Blue Jays in a Fix : Province Law Precludes Toronto From Using Replacement Players for Home Games, Unless Baseball Union Looks the Other Way


After the Blue Jays postponed their Southern California tryout camps for possible replacement players last weekend because of heavy rains and flooding, one had to ask: Who could have expected a week in January in which the weather in Los Angeles would be worse than in Toronto?

But that’s the way things have been going for the Blue Jays.

As major league baseball gropes its way into an uncertain future, the Blue Jays face more questions and obstacles than any other team.

Their problems center on a 1993 law in the province of Ontario, where Toronto is located, that prohibits an employer affected by a strike or lockout from hiring replacement workers.


SkyDome is the only major league park covered by such a law, and it places the two-time defending world champions in the apparent position of accepting one of the following alternatives, none of which the team welcomes:

--Employ replacement players, but play all games on the road, substituting an alternative site, such as Vancouver, Buffalo or Washington, for home games.

--Challenge the validity of the Ontario law, in court or before the provincial Labor Relations Board. The Blue Jays could argue, for example, that they are an international business, not subject to the jurisdiction of a law applicable only in Ontario.

--Use replacements and hope that the players’ union and striking members of the team look the other way. The anti- strikebreaker law is invoked when a complaint is filed with the provincial Labor Relations Board by the union or a union member. The situation not only complicates the Blue Jays’ efforts to assemble a team but their attempts to sell season- and individual-game tickets.


General Manager Gord Ash said the Blue Jays have no interest in breaking the law or taking the province to court but added that he does not know whether the American League office might compel the team to file suit or play its home games outside Ontario.

“It’s not our intention to become the Vancouver Blue Jays or the Buffalo Blue Jays or the Washington Blue Jays, but we have to consider the possibility that we might have to play all our games on the road,” he said.

An American League spokesman declined comment, saying only that “we expect all teams to meet the obligations of the schedule,” which has not been released.

For now, Ash takes the position that the Blue Jays are looking at replacement players only for spring training games in Florida. The team already has canceled two exhibition games with the Philadelphia Phillies at SkyDome.


“We’re taking this one step at a time,” he said.

Blue Jay executives--the club is 90% owned by John Labatt Ltd., a brewing and entertainment conglomerate--have portrayed themselves as reluctant soldiers in this war since it began. Toronto was one of three teams to vote against imposition of the salary cap in December, and team officials have refrained from inflammatory rhetoric directed at players.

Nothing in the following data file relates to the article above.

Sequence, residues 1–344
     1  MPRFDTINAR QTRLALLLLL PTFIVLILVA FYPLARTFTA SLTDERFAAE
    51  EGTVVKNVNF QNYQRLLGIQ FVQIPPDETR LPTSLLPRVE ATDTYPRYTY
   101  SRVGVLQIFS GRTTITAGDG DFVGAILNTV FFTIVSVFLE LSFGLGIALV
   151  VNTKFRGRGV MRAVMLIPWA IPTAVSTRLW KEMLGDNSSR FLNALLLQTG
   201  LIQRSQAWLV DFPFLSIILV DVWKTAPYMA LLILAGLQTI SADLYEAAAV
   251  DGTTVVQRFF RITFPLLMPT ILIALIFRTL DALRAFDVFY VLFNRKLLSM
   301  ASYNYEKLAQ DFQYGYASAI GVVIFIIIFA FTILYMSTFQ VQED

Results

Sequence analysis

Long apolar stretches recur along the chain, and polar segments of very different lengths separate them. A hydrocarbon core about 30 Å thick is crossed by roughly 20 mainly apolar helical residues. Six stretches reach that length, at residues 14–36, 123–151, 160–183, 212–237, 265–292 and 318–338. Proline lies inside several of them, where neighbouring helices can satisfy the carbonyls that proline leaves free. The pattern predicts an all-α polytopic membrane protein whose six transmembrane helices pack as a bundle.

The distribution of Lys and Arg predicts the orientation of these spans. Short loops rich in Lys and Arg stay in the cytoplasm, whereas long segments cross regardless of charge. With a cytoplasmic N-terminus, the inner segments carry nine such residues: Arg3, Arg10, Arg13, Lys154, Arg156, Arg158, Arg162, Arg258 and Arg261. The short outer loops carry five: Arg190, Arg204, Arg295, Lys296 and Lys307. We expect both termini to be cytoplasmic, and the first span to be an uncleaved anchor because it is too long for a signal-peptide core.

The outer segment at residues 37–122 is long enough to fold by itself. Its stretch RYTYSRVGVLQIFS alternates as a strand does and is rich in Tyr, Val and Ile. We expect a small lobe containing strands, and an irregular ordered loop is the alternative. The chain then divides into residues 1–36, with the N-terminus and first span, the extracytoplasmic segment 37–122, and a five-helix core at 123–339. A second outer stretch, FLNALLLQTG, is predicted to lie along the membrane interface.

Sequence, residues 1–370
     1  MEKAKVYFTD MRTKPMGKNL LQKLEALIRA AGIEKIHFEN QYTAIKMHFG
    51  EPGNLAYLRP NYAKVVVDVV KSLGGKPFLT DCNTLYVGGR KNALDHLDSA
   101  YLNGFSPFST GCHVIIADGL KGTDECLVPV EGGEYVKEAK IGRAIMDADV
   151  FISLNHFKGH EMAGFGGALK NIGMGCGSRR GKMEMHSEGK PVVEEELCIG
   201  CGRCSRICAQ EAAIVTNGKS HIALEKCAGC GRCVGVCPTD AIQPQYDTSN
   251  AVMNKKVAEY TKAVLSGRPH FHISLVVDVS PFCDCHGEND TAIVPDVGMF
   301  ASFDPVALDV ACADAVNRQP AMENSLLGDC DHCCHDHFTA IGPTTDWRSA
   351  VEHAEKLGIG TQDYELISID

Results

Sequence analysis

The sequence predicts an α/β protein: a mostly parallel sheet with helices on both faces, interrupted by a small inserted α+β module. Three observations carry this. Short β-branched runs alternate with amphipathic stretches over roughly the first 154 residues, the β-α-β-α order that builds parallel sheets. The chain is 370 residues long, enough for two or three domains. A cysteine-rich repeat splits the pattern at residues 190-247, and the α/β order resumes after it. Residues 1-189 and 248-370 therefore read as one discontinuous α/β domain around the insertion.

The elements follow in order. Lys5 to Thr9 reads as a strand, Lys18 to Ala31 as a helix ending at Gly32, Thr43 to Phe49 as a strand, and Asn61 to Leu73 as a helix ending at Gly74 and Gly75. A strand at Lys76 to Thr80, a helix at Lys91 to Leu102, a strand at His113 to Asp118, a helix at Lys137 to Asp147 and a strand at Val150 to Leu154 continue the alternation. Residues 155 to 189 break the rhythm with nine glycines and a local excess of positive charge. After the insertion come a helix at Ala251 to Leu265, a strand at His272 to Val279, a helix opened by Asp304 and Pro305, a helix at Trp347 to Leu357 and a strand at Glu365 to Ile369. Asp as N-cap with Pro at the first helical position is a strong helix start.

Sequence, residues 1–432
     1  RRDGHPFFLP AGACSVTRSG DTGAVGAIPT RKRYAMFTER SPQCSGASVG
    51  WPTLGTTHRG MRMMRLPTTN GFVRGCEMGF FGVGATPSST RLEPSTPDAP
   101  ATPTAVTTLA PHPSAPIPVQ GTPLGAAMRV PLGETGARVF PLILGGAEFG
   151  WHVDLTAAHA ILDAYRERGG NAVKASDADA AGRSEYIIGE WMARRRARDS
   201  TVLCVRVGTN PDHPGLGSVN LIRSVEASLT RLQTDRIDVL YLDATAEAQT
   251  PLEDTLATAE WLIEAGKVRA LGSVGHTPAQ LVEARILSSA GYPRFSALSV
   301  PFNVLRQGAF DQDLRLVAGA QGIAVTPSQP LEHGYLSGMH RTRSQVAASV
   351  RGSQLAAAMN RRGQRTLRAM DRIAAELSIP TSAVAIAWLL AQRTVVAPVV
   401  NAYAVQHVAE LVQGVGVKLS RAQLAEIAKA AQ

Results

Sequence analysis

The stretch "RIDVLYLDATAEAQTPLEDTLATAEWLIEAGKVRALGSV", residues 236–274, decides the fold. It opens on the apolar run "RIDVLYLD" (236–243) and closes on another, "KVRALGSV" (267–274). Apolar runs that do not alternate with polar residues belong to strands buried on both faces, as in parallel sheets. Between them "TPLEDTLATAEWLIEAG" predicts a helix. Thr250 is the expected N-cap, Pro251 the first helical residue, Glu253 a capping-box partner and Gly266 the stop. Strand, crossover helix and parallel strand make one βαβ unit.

That might pay off if the Major League Baseball Players Assn. decides not to file a complaint against use of strike-breaking players. Eugene Orza, a top union official, said Monday that no decision has been made, but he left open that possibility.

“It very well may be that we will not object to the Blue Jays utilizing replacement players,” he said. “That is a function exclusively of the particular relationship this office has with the Toronto organization. It may be, however, that even if we do not object, the Blue Jays would still be prohibited from using replacement players.”


Ash said there has been no official communication from the players’ association to the team on the subject.

A spokesman for the Ontario Labor Minister said the government would move to enforce the law only after a complaint by the union or an individual striking ball player.

The Ontario law was adopted by the left-leaning government of Premier Bob Rae amid controversy in 1992 and took effect Jan. 1, 1993. It permits employment of replacement workers only for specific reasons, mostly linked to public health and safety. None seemingly would apply to baseball.

The law might be vulnerable to legal attack on other grounds, notably the jurisdictional issue. So far, however, despite the controversy attached to its adoption, it has gone unchallenged in court.


Meanwhile, the team has scouts looking at recent college players, the independent minor leagues and retirees in an effort to field a squad for spring training at least.

“We’ll use as many avenues as possible to try out replacement players,” Ash said, but added he has no idea how good those players might be. “There’s absolutely no question in my mind that every club will be able to field a team, but I can’t predict what the caliber of those teams might be.”

Season ticket renewal forms will be mailed this week, but buyers will be advised to postdate checks to April 1, when the team’s situation might be clearer. At that point, the team could consider refunds or revisions, if replacements rather than major leaguers are put on the field or if the Blue Jays end up playing outside Toronto. Similar provisions will be made in single game ticket sales when play begins.

With an annual attendance base in the four million range and consistent success on the field, the Blue Jays could be considered one team that prospered under the old system. They are classified a “large market” team even though metropolitan Toronto, with a population of 2.3 million, is slightly smaller than Orange County, home of the Angels, considered by baseball a “small market” team.